Bort wrote:
Barium sulfate?

It’s the same stuff that you ingest in the chalky milkshakes (or enemas) to provide contrast in G.I. tract radiology scans.

It is also used to provide a fantastic diffusion coating for integrating spheres, minimizing any favoritism of throwers over floody torches.

http://wardogsmakingithome.org/index.html

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Match
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Bort wrote:
How do you know the exact lumen output though, this is the problem i've been thinking about, there are no markings on an xml saying which bin it is (we have to trust what we buy is correct), and even in the same bin there is a minimum luminous flux.

 I think you may be a bit confused.  What I intend on doing is piecing together a drop-in (spec's aren't that important), and then testing it in my I.S. and obtaining the numbers for it that way, then passing it along.  It's a rather crude way to calibrate I.S.'s, but really the only practical way...  It will also ensure that my future lumen numbers match ChicagoX's and anyone else who would like to use the calibration drop-in.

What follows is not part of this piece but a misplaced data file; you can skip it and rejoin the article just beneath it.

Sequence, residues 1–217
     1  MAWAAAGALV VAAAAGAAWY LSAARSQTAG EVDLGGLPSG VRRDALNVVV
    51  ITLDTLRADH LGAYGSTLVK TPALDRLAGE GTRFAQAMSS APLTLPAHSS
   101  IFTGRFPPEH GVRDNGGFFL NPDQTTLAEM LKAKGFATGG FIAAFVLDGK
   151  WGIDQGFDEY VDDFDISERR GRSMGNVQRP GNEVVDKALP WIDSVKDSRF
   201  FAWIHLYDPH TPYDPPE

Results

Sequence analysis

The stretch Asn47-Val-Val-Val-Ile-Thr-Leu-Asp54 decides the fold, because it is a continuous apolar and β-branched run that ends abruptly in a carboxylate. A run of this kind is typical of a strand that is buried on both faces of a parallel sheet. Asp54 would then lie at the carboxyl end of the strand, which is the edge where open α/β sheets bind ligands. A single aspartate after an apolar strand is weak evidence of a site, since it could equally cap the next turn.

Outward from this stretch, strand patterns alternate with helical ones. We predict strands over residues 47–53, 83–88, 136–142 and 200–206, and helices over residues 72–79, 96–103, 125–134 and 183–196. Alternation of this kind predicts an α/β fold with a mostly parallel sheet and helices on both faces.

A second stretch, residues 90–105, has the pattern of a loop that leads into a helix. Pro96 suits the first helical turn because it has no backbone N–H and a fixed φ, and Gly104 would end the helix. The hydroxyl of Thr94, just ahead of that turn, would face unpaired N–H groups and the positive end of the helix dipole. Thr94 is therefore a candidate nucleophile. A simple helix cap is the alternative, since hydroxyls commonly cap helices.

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Match wrote:

Bort wrote:
How do you know the exact lumen output though, this is the problem i’ve been thinking about, there are no markings on an xml saying which bin it is (we have to trust what we buy is correct), and even in the same bin there is a minimum luminous flux.

 I think you may be a bit confused.  What I intend on doing is piecing together a drop-in (spec’s aren’t that important), and then testing it in my I.S. and obtaining the numbers for it that way, then passing it along.  It’s a rather crude way to calibrate I.S.‘s, but really the only practical way…  It will also ensure that my future lumen numbers match ChicagoX’s and anyone else who would like to use the calibration drop-in.